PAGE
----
Following the news that the NHS National Project for IT was dropped I have been posting some of the views I have recently had provided to me for an unrelated feature was working on about wghy large IT projects are prone to fail.
By submitting your email address, you agree to receive emails regarding relevant topic offers from TechTarget and its partners. You can withdraw your consent at any time. Contact TechTarget at 275 Grove Street, Newton, MA.
I have had such a good response I am keeping the debate going in the blog.
Here are the posts already published: Part 1 Brian Randell, part 2 Anthony Finkelstein, part 3 Yann L’Huillier, part 4 James Martin, part 5 Philip Virgo , part 6 Tony Collins, part 7 ILan Oshri, part 8, Robert Morgan part 9 Sam Kingston, part 10 Peter Brudenal, part 11 Mark Lewis, part 12 John Worthy, part 13 Stuart Drew, part 14 Milan Gupta, part 15 from a reader known as Matt and part 16 Fotis Karonis.
Today, in part 17, I present the views of Fergus Cloughley. He is co-author of The OBASHI Methodology, published by The Stationery Office, and CEO of OBASHI Ltd.
The OBASHI methodology provides a framework and method for capturing, illustrating and modeling the relationships, dependencies and dataflows between business and Information technology (IT) assets and resources in a business context. Fergus is a specialist in understanding how businesses work and expert in analysing business processes. He began the development of the OBASHI methodology and software with his business partner Paul Wallis in 2001.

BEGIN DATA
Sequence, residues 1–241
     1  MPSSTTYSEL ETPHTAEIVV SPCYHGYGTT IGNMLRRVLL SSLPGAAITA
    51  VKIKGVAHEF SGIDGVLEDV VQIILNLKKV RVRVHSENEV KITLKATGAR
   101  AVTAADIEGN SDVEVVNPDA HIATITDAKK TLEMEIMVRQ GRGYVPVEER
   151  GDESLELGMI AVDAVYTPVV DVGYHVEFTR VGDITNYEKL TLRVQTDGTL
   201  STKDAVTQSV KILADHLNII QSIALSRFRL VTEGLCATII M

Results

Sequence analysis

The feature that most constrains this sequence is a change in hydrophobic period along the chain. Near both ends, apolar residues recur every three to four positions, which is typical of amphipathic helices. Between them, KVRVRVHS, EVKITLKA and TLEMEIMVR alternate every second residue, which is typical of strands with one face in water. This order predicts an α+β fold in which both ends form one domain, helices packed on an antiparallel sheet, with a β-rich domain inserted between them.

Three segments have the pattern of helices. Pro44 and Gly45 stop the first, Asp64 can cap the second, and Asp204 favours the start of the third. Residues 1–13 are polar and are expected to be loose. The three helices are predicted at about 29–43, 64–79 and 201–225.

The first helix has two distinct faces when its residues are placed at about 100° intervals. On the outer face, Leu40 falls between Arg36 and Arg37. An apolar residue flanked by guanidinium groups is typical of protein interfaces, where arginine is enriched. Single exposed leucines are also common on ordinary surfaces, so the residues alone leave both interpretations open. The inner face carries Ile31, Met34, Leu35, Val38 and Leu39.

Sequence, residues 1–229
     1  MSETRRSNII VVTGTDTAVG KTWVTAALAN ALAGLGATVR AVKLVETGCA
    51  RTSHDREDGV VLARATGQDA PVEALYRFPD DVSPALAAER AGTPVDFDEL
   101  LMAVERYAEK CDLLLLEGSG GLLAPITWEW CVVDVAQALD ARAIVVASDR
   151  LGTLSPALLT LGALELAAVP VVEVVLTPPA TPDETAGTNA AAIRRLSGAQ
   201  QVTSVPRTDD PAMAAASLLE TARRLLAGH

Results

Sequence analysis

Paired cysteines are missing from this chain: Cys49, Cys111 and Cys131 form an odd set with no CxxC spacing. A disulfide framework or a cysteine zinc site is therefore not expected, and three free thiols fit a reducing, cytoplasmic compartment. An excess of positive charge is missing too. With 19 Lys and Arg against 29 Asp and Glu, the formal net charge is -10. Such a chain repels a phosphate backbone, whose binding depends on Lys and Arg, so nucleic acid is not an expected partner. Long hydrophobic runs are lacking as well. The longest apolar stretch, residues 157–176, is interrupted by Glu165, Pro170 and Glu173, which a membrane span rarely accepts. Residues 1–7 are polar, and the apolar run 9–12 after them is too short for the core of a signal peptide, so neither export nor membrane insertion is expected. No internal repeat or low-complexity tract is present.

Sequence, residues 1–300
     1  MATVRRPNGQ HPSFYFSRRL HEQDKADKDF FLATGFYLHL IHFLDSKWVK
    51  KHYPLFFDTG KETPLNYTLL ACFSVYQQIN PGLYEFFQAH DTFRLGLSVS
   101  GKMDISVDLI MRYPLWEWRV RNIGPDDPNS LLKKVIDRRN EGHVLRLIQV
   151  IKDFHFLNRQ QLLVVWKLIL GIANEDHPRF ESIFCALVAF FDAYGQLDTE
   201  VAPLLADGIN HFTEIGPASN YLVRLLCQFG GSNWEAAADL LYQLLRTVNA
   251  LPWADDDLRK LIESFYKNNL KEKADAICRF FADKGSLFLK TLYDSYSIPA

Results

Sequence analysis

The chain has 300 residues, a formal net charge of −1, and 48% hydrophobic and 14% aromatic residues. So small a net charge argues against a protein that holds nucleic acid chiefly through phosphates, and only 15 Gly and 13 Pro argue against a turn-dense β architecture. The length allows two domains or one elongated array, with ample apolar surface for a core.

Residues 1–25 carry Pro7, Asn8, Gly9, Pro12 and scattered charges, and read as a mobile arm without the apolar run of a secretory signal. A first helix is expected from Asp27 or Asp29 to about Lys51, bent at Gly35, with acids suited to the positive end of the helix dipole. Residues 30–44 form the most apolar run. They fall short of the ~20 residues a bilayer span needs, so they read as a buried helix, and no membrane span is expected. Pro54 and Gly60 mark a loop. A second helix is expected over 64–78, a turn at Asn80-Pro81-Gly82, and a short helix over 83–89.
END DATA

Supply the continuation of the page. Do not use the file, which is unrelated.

Why do large IT pojects fail?
Fergus says: “Businesses today rely on a complex interaction of people, process and technology to operate. That interaction is driven by the flow of data between these assets: the life-blood of modern business.
Large IT projects fail because those involved do not fully understand the inter-connectivity of people, process and technology, nor how data flows between and through them. This lack of clarity means they are unable to confidently predict what will happen if changes are made.
If we are being brutally honest, unlike businesses of earlier eras, most of today’s businesses do not understand precisely how they work.
Since the beginning of the Industrial Revolution, flows of water, steam, and electricity, and then more recently, flows of oil, components and petrol, have all been critical for the development of business, economy and society.
Over decades, standards and practices for measurement, management, safety, optimisation and valuation, were created to accurately understand these different flows, meaning businesses could accurately capture and communicate how the organisation worked; how activities, processes and the supporting technical infrastructure were linked to deliver the outputs required.
This clarity minimised ambiguity, and enabled clear communication, in business terms, with stakeholders. Better informed decisions became possible, and a high degree of trust grew between ‘business’ and ‘tech’.
When today’s businesses create comparable clarity on flows of data, they will be able to clearly see, and easily communicate, the ‘as is’ state of the organisation, and perform ‘what’ ifs’ before attempting major change.
At that point, most IT projects will be successful, including the large ones.”
I am still looking for more viewpoints. Feel free to post your views in the comments section. I will publish as many as I| can in the blog overtime.